Architect Profile: Seth Raynor

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Architect Profile: Seth Raynor


Seth Jagger Raynor was born in 1874 in New York and attended Princeton University. Unlike many of his contemporaries, Raynor did not have a background in golf and rarely played the game during any point in his life. He pursued a career in engineering upon graduation, helping design and build roads and waterworks, before relocating to Southampton on Long Island to operate his own surveying and landscape business.

Raynor’s first job in golf course design and construction came in 1908 surveying a site near his home on Long Island. This project would eventually become the National Golf Links of America, Charles Blair Macdonald’s masterpiece. The “Father of American Golf” saw potential in Raynor and hired him to oversee construction of subsequent projects, including Piping Rock, Sleepy Hollow, and the original Lido. Macdonald made Raynor a design partner in 1915.

Raynor’s courses, similar to his mentor Macdonald, feature adaptations of famous holes in Great Britain and Europe. He would fit these template holes on each of the sites that he worked on. Famous template holes include the Redan, Biarritz, Eden, and Road holes. Between 1921 and 1926, Raynor had arguably one of the best stretches ever in course design, including Shoreacres, Chicago Golf Club (redesign), Yeamans Hall, Fishers Island, Camargo Club, Yale University, and Creek Club.

Raynor died from pneumonia in 1926. A few of his courses were finished by his associate Charles Banks, including Lookout Mountain and Essex County. It’s very unfortunate that Raynor passed at the peak of his career. One can only imagine how many more great courses he would have designed! It’s equally impressive to think about what he was able to accomplish during his short golf career between 1914 and 1926.

Seth Raynor’s portfolio is all about quality over quantity. His batting average (ranked courses*/total courses designed) is 0.444, the highest of any American golf course architect in the classic era** with a minimum of 20 courses designed.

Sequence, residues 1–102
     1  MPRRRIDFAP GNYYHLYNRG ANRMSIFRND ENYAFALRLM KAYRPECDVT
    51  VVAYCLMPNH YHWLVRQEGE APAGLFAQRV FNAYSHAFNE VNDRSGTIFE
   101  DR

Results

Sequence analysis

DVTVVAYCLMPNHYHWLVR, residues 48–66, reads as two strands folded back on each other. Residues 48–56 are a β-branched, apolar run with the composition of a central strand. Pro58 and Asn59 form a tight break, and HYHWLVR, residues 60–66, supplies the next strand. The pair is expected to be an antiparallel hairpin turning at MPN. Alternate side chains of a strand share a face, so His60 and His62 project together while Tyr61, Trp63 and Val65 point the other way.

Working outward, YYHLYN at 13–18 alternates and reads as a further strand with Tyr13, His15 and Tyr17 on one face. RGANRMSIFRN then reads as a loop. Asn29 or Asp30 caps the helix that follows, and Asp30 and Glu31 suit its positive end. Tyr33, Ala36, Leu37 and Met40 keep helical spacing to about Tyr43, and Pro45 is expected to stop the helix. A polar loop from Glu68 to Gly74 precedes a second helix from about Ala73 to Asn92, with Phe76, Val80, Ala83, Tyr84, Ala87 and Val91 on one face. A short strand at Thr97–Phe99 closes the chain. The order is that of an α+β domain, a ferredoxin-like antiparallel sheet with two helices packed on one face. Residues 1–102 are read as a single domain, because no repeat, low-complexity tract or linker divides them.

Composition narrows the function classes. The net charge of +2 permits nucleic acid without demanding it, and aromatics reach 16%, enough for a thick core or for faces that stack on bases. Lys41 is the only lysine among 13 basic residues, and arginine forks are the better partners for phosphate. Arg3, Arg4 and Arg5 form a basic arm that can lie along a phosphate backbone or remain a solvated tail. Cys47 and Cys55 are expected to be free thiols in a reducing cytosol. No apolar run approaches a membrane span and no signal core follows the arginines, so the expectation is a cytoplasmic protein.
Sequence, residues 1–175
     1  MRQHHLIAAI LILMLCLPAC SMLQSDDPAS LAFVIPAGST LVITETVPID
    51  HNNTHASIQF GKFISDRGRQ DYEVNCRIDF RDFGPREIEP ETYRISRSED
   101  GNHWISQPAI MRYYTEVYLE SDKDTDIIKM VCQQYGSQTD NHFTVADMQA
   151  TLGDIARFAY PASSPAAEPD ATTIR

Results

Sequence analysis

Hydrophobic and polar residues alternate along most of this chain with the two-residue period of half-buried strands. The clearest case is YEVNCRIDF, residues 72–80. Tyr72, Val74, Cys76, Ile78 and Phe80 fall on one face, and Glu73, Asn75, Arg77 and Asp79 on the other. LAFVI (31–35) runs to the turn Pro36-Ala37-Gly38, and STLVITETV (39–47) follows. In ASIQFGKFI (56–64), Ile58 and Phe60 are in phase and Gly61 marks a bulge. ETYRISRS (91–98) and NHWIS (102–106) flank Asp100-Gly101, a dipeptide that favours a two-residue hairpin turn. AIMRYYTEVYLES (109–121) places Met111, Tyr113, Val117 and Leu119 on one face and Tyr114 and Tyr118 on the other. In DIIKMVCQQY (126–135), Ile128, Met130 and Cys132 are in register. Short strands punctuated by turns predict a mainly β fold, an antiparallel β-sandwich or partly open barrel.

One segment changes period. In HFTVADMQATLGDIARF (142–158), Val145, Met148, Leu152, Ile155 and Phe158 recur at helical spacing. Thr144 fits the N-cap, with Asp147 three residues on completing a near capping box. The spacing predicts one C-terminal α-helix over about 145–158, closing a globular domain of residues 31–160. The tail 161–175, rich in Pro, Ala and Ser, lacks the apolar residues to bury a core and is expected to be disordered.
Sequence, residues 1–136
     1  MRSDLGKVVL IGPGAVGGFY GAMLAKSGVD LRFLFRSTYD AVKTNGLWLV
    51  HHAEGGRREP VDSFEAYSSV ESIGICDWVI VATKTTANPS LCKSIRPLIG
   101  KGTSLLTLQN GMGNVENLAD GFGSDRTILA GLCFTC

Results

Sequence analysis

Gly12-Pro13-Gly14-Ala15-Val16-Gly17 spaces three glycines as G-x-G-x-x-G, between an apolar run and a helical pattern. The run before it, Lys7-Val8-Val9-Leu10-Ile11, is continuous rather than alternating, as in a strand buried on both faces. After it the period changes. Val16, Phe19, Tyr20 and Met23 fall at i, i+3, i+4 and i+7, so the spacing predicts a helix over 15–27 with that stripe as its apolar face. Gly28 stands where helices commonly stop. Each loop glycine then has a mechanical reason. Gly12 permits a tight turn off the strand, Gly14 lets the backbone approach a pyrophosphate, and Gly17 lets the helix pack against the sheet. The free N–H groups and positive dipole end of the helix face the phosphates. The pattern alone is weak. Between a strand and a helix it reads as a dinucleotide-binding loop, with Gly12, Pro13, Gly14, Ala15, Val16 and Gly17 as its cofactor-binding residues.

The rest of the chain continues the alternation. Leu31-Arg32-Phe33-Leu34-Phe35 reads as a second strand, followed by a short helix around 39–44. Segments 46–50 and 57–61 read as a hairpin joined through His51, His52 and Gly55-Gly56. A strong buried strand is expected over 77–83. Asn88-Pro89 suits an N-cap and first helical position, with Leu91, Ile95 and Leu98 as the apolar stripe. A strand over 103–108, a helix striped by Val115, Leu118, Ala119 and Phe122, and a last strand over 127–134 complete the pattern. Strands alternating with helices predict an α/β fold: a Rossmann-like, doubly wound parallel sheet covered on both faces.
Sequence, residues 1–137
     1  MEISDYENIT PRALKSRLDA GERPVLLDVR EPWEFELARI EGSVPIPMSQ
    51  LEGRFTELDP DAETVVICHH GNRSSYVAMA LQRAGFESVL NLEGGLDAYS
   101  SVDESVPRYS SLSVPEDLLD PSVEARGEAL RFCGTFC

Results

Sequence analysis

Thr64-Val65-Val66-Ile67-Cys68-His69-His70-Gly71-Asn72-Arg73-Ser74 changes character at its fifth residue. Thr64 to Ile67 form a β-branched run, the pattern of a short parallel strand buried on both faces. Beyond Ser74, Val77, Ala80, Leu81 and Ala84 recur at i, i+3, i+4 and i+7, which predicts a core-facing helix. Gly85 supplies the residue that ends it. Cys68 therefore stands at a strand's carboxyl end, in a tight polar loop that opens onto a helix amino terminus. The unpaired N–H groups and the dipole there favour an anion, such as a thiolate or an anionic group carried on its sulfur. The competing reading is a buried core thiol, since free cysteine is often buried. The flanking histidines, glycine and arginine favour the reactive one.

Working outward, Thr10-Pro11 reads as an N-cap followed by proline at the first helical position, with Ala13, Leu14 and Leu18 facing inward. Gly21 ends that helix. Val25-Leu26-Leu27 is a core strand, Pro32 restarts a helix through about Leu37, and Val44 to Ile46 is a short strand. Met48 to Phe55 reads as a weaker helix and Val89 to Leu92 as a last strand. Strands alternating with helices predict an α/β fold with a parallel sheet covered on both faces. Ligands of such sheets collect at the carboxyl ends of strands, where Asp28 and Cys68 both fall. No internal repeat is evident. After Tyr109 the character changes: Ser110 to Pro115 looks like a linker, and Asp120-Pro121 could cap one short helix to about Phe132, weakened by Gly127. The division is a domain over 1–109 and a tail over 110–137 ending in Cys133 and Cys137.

Quick Facts

Open Links Courses: 45

Top Ranked Courses (World)*: 5 (Chicago Golf Club, Camargo Club, Fishers Island, Shoreacres, Yeamans Hall)

Top Ranked Courses (U.S.)*: 20

Public Courses < $100: 4

Total Majors Hosted***: 5

Select Course Portfolio

Top Ranked

Public < $100


In the heat map above, the size of the circle is determined by the number of Seth Raynor courses in a particular state and the color of the circle is determined by the accessibility of those courses. The greener the circle, the more public courses there are in that particular state. New York (13) offers the most Raynor courses, followed by New Jersey (6), and Connecticut (4).

One of the drawbacks of Raynor’s portfolio is that 87% of his courses are private. To see public Raynor courses, the highest concentrations are in New Jersey and Connecticut, each with two courses. The Newark metro offers two public Raynor courses: Francis A. Byrne and Rock Spring.

If you have access to private golf, the most concentrated regions of Raynor courses are in the tri-state area. One could potentially see 21 Raynor courses, or nearly half of his portfolio, in northern New Jersey, Long Island, Westchester County and southern Connecticut.

Family Tree

Further Reading

  • Evangelist of Golf: The Story of Charles Blair Macdonald by George Bahto

  • Scotland’s Gift: Golf by Charles Blair Macdonald

  • The Seth Raynor Society website – articles


Open Links Website

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